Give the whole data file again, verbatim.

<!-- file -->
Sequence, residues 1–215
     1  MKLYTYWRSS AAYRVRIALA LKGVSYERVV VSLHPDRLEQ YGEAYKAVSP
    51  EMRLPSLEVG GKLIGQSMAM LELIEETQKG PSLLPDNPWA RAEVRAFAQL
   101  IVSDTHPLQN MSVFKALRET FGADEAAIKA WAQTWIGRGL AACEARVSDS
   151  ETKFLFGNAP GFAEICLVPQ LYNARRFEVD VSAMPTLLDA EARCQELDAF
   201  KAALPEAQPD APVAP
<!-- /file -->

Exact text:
Sequence, residues 1–215
     1  MKLYTYWRSS AAYRVRIALA LKGVSYERVV VSLHPDRLEQ YGEAYKAVSP
    51  EMRLPSLEVG GKLIGQSMAM LELIEETQKG PSLLPDNPWA RAEVRAFAQL
   101  IVSDTHPLQN MSVFKALRET FGADEAAIKA WAQTWIGRGL AACEARVSDS
   151  ETKFLFGNAP GFAEICLVPQ LYNARRFEVD VSAMPTLLDA EARCQELDAF
   201  KAALPEAQPD APVAP